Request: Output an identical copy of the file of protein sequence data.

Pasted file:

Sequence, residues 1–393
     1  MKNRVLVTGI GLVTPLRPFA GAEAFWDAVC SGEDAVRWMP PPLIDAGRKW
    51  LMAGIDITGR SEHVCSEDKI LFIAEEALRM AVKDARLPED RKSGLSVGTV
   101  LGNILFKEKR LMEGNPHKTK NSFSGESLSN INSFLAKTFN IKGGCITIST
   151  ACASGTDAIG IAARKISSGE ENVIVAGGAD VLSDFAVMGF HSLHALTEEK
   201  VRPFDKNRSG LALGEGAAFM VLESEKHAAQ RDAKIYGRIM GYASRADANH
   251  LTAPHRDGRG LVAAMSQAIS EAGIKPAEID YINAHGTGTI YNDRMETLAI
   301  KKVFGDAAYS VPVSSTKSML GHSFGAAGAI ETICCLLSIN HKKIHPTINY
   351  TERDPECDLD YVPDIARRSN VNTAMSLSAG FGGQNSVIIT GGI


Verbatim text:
Sequence, residues 1–393
     1  MKNRVLVTGI GLVTPLRPFA GAEAFWDAVC SGEDAVRWMP PPLIDAGRKW
    51  LMAGIDITGR SEHVCSEDKI LFIAEEALRM AVKDARLPED RKSGLSVGTV
   101  LGNILFKEKR LMEGNPHKTK NSFSGESLSN INSFLAKTFN IKGGCITIST
   151  ACASGTDAIG IAARKISSGE ENVIVAGGAD VLSDFAVMGF HSLHALTEEK
   201  VRPFDKNRSG LALGEGAAFM VLESEKHAAQ RDAKIYGRIM GYASRADANH
   251  LTAPHRDGRG LVAAMSQAIS EAGIKPAEID YINAHGTGTI YNDRMETLAI
   301  KKVFGDAAYS VPVSSTKSML GHSFGAAGAI ETICCLLSIN HKKIHPTINY
   351  TERDPECDLD YVPDIARRSN VNTAMSLSAG FGGQNSVIIT GGI